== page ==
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Describes a proven solution to a recurring design problem, placing particular emphasis on the context and forces surrounding the problem, and the consequences and impact of the solution.
The increasingly popular use of intelligent, easily accessible, sometimes invisible computing devices that simplify personal and business transactions. Designed to bring open standards-based applications to everyday life, these devices are most often mobile in nature, or embedded in the environment. Pervasive computing provides easy access to data stored on powerful networks, increases work efficiencies and removes much of the complexity inherent in these new technologies.
Product Lifecycle Management allows companies to share common business processes and a common knowledge of a product by integrating all stages of its lifecycle, from concept to retirement, across the entire industry. Businesses can thus improve their infrastructure, collaborate across the value chain and significantly reduce product development time and cost.
A Web site or online service that provides a broad range of services (e.g., Internet searches or e-commerce) to a large audience.
A term used in a Service Level Agreement (SLA) denoting a guaranteed level of performance (e.g., response times of less than one second).
One of the five focus areas of Grid computing. Companies can use grids to accelerate and enhance the R&D process by enabling the sharing of data and computing power seamlessly for research-intensive applications.
One of the four characteristics of an on demand business. This business will manage changes and threats-from computer viruses, to earthquakes, to spikes in usage-with consistent availability, security and privacy.
One of the four characteristics of an on demand business. This business will seem almost intuitive in its ability to sense and respond to dynamic, unpredictable changes in demand, supply, pricing, labor, competitors' moves, capital markets and the needs of all its constituencies-customers, partners, suppliers and employees.
The income that an investment provides in a fixed amount of time. Also, the speed at which a capital outlay pays for itself. When companies make investments in Web technology, this measure is referred to as Return on Web Investment (ROWI). ROWI helps build a sound business case for e-commerce initiatives, applying a framework for analyzing and measuring the ROI of an e-business project at any point in the implementation.
Pertaining to the capability of a system to adapt readily to a greater or lesser intensity of use, volume or demand. For example, a scalable system can efficiently adapt to work with larger or smaller networks, performing tasks of varying complexity.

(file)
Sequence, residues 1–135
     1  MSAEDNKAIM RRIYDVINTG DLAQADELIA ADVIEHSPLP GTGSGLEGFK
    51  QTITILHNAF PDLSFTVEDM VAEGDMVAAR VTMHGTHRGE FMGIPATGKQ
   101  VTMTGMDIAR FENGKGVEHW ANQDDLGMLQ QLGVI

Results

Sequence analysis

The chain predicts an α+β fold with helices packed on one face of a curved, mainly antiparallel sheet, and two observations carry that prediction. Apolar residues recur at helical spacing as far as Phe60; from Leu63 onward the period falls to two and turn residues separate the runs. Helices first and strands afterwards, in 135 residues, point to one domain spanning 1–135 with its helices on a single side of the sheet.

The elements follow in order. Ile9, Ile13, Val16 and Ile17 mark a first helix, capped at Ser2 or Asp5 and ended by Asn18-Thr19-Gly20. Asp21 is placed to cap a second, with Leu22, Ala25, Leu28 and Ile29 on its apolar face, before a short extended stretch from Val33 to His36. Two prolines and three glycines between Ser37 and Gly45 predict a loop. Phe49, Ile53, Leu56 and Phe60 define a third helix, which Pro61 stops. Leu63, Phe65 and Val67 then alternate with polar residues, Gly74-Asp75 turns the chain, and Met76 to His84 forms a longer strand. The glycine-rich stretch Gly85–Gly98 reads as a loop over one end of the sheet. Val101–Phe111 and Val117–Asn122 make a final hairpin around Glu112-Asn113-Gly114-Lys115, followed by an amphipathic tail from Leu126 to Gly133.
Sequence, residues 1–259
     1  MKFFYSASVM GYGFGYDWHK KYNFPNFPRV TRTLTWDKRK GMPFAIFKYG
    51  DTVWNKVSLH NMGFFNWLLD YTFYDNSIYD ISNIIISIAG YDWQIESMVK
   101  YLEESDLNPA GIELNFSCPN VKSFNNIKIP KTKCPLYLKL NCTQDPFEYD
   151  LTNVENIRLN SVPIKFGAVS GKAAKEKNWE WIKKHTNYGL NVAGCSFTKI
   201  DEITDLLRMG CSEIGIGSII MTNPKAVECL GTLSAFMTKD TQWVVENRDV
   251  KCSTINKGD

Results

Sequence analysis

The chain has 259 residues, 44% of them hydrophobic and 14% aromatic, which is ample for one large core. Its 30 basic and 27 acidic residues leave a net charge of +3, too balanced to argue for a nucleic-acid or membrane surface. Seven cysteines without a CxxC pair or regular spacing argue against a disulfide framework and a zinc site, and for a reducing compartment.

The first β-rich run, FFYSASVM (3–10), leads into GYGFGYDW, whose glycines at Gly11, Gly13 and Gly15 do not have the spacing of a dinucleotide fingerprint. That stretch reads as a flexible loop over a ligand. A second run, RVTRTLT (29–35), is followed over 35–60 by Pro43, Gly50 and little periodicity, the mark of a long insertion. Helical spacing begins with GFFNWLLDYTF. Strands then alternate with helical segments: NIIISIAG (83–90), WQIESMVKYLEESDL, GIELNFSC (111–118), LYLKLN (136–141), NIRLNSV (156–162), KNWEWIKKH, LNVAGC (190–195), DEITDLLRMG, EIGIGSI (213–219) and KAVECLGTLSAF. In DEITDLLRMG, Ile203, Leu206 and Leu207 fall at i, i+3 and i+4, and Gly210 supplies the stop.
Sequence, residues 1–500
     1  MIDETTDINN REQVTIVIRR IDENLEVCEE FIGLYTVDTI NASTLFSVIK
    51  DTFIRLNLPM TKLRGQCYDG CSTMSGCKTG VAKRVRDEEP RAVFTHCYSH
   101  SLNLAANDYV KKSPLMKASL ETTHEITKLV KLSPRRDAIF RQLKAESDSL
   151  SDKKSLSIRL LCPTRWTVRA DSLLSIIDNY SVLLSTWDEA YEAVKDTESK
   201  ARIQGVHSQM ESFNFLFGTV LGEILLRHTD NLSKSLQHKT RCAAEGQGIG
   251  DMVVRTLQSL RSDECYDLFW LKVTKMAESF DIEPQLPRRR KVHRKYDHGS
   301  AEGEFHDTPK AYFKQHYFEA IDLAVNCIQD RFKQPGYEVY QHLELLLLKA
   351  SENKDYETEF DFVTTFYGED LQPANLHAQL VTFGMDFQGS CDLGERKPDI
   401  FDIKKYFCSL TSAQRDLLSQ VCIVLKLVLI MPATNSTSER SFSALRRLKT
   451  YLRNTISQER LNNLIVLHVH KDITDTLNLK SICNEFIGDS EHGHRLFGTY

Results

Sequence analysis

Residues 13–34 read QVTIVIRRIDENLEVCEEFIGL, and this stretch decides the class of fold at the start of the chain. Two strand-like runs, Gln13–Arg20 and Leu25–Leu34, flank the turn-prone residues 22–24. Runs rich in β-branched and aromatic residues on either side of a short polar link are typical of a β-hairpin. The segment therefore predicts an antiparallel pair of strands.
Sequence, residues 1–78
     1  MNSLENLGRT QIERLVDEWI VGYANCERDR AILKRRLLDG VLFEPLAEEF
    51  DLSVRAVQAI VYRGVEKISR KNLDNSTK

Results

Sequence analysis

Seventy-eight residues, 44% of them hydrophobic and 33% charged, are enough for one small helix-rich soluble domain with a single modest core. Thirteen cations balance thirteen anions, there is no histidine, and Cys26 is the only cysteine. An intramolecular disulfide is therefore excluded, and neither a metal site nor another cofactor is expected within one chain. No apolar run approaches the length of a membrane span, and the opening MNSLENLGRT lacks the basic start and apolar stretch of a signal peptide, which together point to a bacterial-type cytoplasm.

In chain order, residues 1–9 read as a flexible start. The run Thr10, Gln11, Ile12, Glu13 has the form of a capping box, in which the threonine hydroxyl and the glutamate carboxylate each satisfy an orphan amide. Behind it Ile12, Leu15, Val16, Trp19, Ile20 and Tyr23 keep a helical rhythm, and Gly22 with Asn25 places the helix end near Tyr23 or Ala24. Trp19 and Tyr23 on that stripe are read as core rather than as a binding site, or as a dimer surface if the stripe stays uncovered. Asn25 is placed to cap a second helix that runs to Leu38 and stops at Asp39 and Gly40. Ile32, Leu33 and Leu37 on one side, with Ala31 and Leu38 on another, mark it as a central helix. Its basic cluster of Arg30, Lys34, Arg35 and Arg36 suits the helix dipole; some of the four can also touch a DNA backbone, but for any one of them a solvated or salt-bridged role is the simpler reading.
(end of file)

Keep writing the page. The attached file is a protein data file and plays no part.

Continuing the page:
One of the characteristics of autonomic computing. Self-configuring systems can adapt to dynamically changing environments with minimal human involvement.
One of the characteristics of autonomic computing. Self-healing systems can discover, diagnose and act to prevent disruptions, all with minimal human involvement.
One of the characteristics of autonomic computing. Self-managing systems can perform routine maintenance tasks with minimal human involvement.
One of the characteristics of autonomic computing. Self-optimizing systems can fine-tune resources and balance workloads to maximize use of IT resources, all with minimal human involvement.
One of the characteristics of autonomic computing. Self-protecting systems can anticipate, detect, identify and protect against attacks, all with minimal human involvement.
One of the characteristics of on demand business is the ability to sense changes in the environment-fluctuations in customer demand, issues within the supply chain, variations in pricing structures-and respond quickly to meet those challenges.
The three stages of adoption-access, integration, and e-business on demand-together make up the e-business adoption cycle.
The adoption of open standards allows for the integration of processes, applications and devices across the enterprise. Thus, standards-based computing is one of the cornerstones of the on demand environment.
Hard disks and other systems designed for information storage and retrieval. In the on demand environment, these need to be both scalable and highly reliable.
Highly powerful, extraordinarily fast computers, typically used for research and other applications that require massive mathematical calculations. Grid computing gives e-businesses supercomputer-level power using their existing systems.
An electronic alternative to the traditional paper chain, providing companies with a smarter, faster, more effective way to get the right product to the right customer at the right time and price. Combines the power of the Internet with the latest technology, enabling participating suppliers to access up-to-date company information and enabling companies to better manage and track supply and demand.
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